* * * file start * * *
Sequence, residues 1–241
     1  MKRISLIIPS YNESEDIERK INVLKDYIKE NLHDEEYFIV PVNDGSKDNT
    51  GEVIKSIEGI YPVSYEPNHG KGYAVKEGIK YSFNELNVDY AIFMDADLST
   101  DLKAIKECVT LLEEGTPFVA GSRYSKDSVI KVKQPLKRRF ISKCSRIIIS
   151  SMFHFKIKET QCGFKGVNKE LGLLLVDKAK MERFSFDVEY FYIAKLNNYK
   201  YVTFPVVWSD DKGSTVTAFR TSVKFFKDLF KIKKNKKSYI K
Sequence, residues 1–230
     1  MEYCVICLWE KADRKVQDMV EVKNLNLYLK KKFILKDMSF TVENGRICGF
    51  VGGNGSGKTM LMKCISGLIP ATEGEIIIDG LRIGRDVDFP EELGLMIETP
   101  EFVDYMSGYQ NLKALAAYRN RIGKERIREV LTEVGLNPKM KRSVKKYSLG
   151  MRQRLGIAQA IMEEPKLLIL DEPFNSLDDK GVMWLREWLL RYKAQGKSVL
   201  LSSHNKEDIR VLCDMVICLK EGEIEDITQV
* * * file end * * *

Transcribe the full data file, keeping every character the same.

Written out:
Sequence, residues 1–241
     1  MKRISLIIPS YNESEDIERK INVLKDYIKE NLHDEEYFIV PVNDGSKDNT
    51  GEVIKSIEGI YPVSYEPNHG KGYAVKEGIK YSFNELNVDY AIFMDADLST
   101  DLKAIKECVT LLEEGTPFVA GSRYSKDSVI KVKQPLKRRF ISKCSRIIIS
   151  SMFHFKIKET QCGFKGVNKE LGLLLVDKAK MERFSFDVEY FYIAKLNNYK
   201  YVTFPVVWSD DKGSTVTAFR TSVKFFKDLF KIKKNKKSYI K
Sequence, residues 1–230
     1  MEYCVICLWE KADRKVQDMV EVKNLNLYLK KKFILKDMSF TVENGRICGF
    51  VGGNGSGKTM LMKCISGLIP ATEGEIIIDG LRIGRDVDFP EELGLMIETP
   101  EFVDYMSGYQ NLKALAAYRN RIGKERIREV LTEVGLNPKM KRSVKKYSLG
   151  MRQRLGIAQA IMEEPKLLIL DEPFNSLDDK GVMWLREWLL RYKAQGKSVL
   201  LSSHNKEDIR VLCDMVICLK EGEIEDITQV